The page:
Scripture: Isaiah 36:4–14
Have you ever seen a chicken coop when a predator shows up? A hawk or a raccoon or a fox? As soon as one notices the predator, there is an explosion of clucking and fluttering and flapping and more or less unbridled panic!
This is a good metaphor for the Divided Kingdom of Israel and Judah. Around 1000 years before Jesus was born, King David and Solomon ruled a united monarchy. It might not have felt like it at the time, but it was an era of relative peace and prosperity. And then the fox showed up at the door of the chicken coop! From basically 900 to 600 years before Jesus was born, Assyria was the biggest predator in the neighborhood. Assyria began their military conquest from the north, and the nations lined were up like chickens in the coop. First was Aram (sometimes called Aram-Damascus, in current-day Syria) in the far north—this is the country where Naaman was general from last week’s sermon. The Northern Kingdom of Israel was next. And finally the Southern Kingdom of Judah.
When the Assyrian army drew up to full power, the chickens knew that the fox was at the door. They spent a ton of energy flapping and fighting and banging around for 300 years. Kings built armies (Naaman was one of the generals). Nations jostled for power, fighting about who should join up with whom, and who should be in charge. In the Bible, we read about these Northern and Southern kings, and it isn’t very flattering. Like panicked chickens, they all flapped and fluttered around, wondering how to respond to the fox at the door. Should the North and the South join ranks? Should they both join with Aram-Damascus? Should they all throw in their lot with Egypt way down south? For 300 years, we read about this flapping and crashing around, and most of them were a total mess.
As we have been reading these stories, the Two-Way [Sermon Discussion Group] has made an observation. They have noticed how so many of these kings, and regal ambassadors, and generals, and courtiers, spend so much of their time tearing their clothes! It seems like in every story, someone is tearing their clothes. When Naaman came down to Israel looking for Elisha, the king stood in public and tore his clothes. This was an ancient ritual, a practice often associated with grief and trauma. Families would tear their clothes when a loved one died. Or a beloved spouse. But there was also this public and political practice of the rich and powerful tearing their clothes. Kings and ambassadors—people who could generally afford to buy new clothes anyway—would tear their clothes to show their people how anxious and angry they were. How committed to their plight they were. How afraid that they—and everyone else—needed to be of those people out there. All of these kings, flapping around in chaos, tore their clothes as a symbol of the danger at their door.
The connection that the Two-Way [Sermon Discussion Group] made, rather brilliantly I would suggest, was that this tearing of the clothes, and public displays of angst, sure looks a lot like cable news! Sure looks a lot like our never-ending news cycle. Sure looks a lot like political ads the last several months! Anyone enjoy watching these political ads these last few months? I admit a certain perverse pleasure in laughing at how ridiculous and over-the-top they are.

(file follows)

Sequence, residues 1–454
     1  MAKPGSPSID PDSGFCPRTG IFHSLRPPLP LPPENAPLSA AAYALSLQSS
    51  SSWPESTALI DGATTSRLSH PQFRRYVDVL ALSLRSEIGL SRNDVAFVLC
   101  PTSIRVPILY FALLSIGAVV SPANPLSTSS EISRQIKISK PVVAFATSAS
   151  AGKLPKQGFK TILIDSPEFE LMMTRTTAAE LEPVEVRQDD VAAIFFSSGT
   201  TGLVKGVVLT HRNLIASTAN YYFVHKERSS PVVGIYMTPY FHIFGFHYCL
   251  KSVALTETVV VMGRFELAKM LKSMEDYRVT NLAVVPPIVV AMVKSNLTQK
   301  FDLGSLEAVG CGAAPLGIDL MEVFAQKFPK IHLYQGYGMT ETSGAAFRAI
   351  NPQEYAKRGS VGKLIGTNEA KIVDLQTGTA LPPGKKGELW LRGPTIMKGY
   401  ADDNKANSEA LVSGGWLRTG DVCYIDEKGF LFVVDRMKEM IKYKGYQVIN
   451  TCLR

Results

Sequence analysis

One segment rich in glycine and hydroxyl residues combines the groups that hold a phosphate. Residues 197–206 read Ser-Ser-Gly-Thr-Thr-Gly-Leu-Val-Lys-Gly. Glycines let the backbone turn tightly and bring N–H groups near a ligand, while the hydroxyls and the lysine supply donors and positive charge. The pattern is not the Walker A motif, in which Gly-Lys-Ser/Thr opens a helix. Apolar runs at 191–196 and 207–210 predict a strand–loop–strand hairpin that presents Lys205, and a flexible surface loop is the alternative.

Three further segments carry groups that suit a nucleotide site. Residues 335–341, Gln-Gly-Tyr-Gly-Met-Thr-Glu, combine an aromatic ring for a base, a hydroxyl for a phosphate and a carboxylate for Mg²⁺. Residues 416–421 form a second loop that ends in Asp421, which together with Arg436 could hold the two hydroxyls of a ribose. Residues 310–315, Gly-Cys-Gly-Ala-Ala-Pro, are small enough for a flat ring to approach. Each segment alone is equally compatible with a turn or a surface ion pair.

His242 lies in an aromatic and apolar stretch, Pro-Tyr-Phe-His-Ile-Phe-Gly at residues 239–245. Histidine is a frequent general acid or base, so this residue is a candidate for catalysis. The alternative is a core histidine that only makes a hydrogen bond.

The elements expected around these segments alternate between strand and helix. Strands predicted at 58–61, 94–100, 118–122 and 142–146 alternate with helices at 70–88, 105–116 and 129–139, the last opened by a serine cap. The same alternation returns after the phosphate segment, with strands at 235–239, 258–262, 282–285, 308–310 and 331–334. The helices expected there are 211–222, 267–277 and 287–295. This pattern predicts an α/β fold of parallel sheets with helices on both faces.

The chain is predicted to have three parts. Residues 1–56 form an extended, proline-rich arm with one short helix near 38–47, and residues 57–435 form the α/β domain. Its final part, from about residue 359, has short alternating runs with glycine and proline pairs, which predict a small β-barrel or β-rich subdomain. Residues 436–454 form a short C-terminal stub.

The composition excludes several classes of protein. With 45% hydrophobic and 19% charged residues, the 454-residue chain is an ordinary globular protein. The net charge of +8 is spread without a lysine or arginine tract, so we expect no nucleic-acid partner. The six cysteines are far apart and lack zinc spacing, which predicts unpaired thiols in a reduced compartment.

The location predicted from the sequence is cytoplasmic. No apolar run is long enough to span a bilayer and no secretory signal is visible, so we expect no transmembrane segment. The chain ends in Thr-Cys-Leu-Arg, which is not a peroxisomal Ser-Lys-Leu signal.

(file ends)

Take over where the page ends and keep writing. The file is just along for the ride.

But before long, after I laugh out loud at a handful of them, I get sad and a little angry. I think about how much money is spent on political advertising—about $9 billion for the midterms—and wonder what else that money could be spent on. But then I also get sad and pretty mad when I think about how many people are actually persuaded by that garbage. It’s like a 24/7 barrage of fear and anger: the messages of the politicians themselves, the political ads that PACs pay for, and then the propaganda that cable news and social media continues day in and day out. It’s like every minute of every day, the rich and powerful are on some screen, tearing their clothes in carefully-cultivated anger. Politicians, PACs, propagandists in the media, all bemoan how terrified you need to be, and how much more horrible it will be if their opponent wins. It’s like 24/7 chickens, flapping around, chaos feeding on chaos.
It’s no wonder that anxiety in our society is at an all-time high. Violence against minorities is at an all-time high. Feelings of anger and terror and rage abound…especially at those people out there. This was true before the pandemic, but clearly COVID didn’t make things better! How many of us, and those who we love, are dealing with a base level of anxiety and fear that they aren’t sure what to do with? Of course they are, when all they see is chickens running and flapping and squawking 24/7. While the foxes laugh, all the way to the bank.
In today’s Scripture passage, the fox has a name: Rabshekah. Assyria has defeated Aram-Damascus. It has defeated the Northern Kingdom of Israel. Its armies have destroyed every single city and town in the Southern Kingdom of Judah…except for Jerusalem. The capitol of Jerusalem is the last to fall, because it is the biggest and strongest and most fortified. It is Judah’s last stand. Assyria’s king Sennacherib and his generals know that the only way to defeat Jerusalem will be a long and costly siege. They will have to starve them out, and eventually storm the walls, losing a lot of their army in the process.
So they sent a fox. The title for this certain kind of political leader in Assyria was Rabshekah, and he was basically the king’s ambassador and propagandist. The Rabshekah marched up to the edge of the walls of Jerusalem with a message: “Why don’t you all just give up and make your life easier (it won’t)? We promise we’ll be merciful to you (we won’t). And you’ll get to live in peace and prosperity in your own city (you won’t).” And the Rabshekah delivered this message to the ambassadors of the king of Judah, a man named Hezekiah.
But the Rabshekah was smart. He didn’t deliver this message in the diplomatic and political language of Aramean, but instead he spoke in Hebrew, so that every solider standing on that wall could understand exactly what he is saying. His goal was psychological warfare: to defeat the enemy with despair, fear, and hopelessness. To get them to give up without a fight. To turn on their king and run out of the gate. He delivered his message of psychological warfare to the king’s ambassadors, and then he watched as they ran back to the king, his voice of terror and destruction ringing in their ears.
There is one more part of the metaphor. The violent and destructive fox. The panicked and chaotic chickens. But who is left? The farmer! What role does she play in the interaction between the fox and the chickens? Clearly, Farmer Jane understands that peaceful chickens are more productive chickens, and so her role is, rather simply, to create peace.